February 6, 2023
Strong cash flows drive company outperformance
Financial flexibility allows for rewarding investors
And for investing in the company's future

GRAPHIC OF THE WEEK: "Cash is reassuring"


Financial markets have soared since the beginning of the year despite the looming recession in Europe and the US. The reopening of China and the resilience of the labour market give hope for a soft landing of the economy. In this environment, it is advisable to remain cautious and to strengthen investments in quality stocks, i.e. those that are capable of gaining market share and generating stable cash flows over the long term.

Strong cash flows drive company outperformance

A positive cash flow indicates that a company's liquidity is increasing, allowing it to cover its obligations, reinvest in its business, return cash to shareholders, pay expenses and protect against future financial contingencies. Companies that have a high degree of financial flexibility have more room to manoeuvre when selecting profitable investments. They also fare better in a recession.

According to an internal quantitative study by Atlantic Financial Group, it has been shown that the performance of a stock is largely explained by the company's ability to generate cash (see Fig. 2).

PE is also a ratio that is closely followed by investors, but it is less relevant in explaining the performance of the stock. The difference is probably due to the resilience of a company that is able to generate free cash flow throughout the economic cycle even if it has a negative net income. Cash flow will obviously be reduced if the company is no longer generating profit, but it can remain positive thanks to good working capital management, for example. These evolve in line with inventory levels or the timing of payments to suppliers, among other things. Cash flows therefore truly reflect the quality of the company's management, its long-term vision and above all its ability to react to exogenous factors.

Financial flexibility allows for rewarding investors

The cash flow statement helps to understand where the company's cash comes from. The company can generate cash in three ways: 1) through its current operating activities; 2) through its investments or 3) through financing operations. Companies will therefore make strategic choices to generate cash and optimise their return.

Cash generated through financing transactions must be carefully analysed as interest rates rise. The situation is more complicated for companies that do not generate profits or cash flow due to lack of revenues and whose valuation is based on discounted future cash flows. This is the case for many companies whose business depends on recent technology, or which are still in the research and development phase, such as biotech companies. The rise in interest rates penalises them both in the valuation of their cash flows and also because of the rise in financing costs as equity financing becomes more complicated. The price of these companies often deteriorates below their book value (patents, etc.). They then become potential targets for cash-rich companies. Finally, highly leveraged companies such as REITS in the US may continue to underperform under the weight of debt service while real estate values deteriorate (see Fig.3).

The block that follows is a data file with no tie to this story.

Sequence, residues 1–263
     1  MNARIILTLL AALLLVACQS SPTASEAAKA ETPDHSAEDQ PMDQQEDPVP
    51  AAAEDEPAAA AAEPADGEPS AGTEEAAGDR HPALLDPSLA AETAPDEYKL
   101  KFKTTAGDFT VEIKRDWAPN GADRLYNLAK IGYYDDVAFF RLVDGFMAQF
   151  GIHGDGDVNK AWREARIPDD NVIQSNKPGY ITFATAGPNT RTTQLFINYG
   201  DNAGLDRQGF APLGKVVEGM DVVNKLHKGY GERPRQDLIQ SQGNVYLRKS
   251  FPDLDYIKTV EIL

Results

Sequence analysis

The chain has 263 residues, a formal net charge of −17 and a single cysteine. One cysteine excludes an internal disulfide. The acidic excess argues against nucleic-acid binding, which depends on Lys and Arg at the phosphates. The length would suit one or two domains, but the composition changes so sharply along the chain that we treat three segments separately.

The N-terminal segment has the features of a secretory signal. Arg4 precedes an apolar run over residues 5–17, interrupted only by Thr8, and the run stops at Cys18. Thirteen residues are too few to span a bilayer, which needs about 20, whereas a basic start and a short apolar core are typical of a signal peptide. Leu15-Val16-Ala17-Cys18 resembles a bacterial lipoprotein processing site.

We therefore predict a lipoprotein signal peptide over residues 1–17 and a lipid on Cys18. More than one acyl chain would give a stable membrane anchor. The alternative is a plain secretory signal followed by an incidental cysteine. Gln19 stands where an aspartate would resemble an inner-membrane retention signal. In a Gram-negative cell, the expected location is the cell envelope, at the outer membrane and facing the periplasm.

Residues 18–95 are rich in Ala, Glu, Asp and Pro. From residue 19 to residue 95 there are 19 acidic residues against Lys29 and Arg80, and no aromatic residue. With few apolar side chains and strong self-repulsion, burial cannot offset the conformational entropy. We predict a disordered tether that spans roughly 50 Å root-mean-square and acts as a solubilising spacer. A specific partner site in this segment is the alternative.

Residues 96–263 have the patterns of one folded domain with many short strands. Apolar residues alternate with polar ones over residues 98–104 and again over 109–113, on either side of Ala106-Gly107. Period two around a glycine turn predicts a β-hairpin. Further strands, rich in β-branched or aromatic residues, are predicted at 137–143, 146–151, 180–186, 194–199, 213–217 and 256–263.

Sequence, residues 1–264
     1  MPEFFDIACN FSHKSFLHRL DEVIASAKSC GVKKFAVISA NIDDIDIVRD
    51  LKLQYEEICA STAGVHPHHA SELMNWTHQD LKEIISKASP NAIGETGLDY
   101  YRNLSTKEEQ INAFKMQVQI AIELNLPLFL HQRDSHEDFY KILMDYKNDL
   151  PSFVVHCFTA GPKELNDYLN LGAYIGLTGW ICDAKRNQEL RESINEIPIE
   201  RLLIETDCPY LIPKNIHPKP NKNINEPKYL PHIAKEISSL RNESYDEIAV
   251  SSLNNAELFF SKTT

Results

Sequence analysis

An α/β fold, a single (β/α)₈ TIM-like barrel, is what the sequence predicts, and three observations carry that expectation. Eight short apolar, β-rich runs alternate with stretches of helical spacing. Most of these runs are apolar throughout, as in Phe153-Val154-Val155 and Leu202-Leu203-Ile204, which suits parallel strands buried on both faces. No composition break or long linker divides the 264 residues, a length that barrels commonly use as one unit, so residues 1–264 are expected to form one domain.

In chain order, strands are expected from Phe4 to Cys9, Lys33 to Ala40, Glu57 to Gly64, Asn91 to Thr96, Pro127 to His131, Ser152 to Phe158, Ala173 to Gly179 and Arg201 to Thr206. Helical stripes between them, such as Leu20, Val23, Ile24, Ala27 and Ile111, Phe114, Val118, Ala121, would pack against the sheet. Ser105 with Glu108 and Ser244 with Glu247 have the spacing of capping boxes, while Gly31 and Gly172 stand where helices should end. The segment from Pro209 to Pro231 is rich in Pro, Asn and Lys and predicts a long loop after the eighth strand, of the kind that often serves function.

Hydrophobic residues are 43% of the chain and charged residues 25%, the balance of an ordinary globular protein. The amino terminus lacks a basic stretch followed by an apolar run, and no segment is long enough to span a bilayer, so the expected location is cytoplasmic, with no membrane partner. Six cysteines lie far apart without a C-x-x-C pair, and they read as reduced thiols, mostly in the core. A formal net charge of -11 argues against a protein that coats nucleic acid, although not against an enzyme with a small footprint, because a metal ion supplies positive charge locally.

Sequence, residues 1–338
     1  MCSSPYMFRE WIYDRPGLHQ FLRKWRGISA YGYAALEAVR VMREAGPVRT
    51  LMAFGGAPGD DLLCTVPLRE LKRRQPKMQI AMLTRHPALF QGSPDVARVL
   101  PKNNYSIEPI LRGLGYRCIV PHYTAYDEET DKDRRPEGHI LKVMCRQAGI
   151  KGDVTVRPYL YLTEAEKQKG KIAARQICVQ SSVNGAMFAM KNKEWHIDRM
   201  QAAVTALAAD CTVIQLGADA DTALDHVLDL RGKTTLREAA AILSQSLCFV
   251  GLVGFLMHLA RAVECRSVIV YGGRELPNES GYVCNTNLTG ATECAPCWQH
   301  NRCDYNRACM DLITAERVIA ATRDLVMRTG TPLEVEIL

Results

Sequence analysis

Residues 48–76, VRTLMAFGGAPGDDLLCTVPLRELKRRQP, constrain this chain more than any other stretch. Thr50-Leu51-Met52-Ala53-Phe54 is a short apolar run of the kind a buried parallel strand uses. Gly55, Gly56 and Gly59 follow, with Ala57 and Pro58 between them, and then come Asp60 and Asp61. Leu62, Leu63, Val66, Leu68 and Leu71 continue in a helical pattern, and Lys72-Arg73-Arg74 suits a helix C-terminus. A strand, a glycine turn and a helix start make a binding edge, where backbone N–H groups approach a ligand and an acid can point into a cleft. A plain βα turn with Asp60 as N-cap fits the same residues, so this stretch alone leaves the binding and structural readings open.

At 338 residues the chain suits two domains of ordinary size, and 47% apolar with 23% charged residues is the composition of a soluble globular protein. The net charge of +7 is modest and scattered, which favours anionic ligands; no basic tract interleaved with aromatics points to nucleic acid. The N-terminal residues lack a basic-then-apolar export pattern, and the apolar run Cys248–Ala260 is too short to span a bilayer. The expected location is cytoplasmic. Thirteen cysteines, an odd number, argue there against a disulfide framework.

And for investing in the company's future

However, what ensures a great deal of stability for the company is its ability to generate cash through its operational activity. To do this, the company must be able to win market shares from its competitors or set prices that guarantee stable margins.

Sectors capable of setting prices include the pharmaceutical sector (e.g. Merck, Pfizer, Roche or Novo Nordisk) or the utility sector (e.g. Engie, NextEra). Although largely regulated, these two sectors are indexed to inflation. Finally, the price of drugs is protected by patents, which guarantees pharmas a comfortable margin.

The luxury sector is able to increase prices without affecting sales volumes. The staples sector also benefits from low price elasticity of demand, which ensures stable margins over time and good visibility on future cash flows. Margins start to grow again as soon as inflation has peaked, as companies have already passed on increases in raw material prices and wages in the price of finished goods.

Finally, companies in a monopoly or oligopoly situation are the most capable of setting prices. The most notable of these are Microsoft, Apple, Alphabet and Visa in the United States and Hermès, Louis Vuitton, Essilor Luxottica, L'Oréal and Pernod Ricard in Europe (see Fig.4).

If the company cannot maintain its market leadership and grow organically, mergers and acquisitions will allow it to increase its revenues and potentially its margins through economies of scale. Financial flexibility is therefore essential in times of crisis and often proves to be a trend accelerator. Indeed, well-managed companies will have the necessary funding to pay their shareholders (see Chart of the Week) or interest on their debts, but they will also have the cash available to acquire companies in difficulty, offering new growth opportunities.


In a deteriorating macroeconomic environment, the selection of quality securities becomes essential. As with an investment portfolio, the cash available in times of uncertainty makes it possible to limit losses on the one hand, and, above all, to take advantage of opportunities that arise in the event of a panic on the financial markets.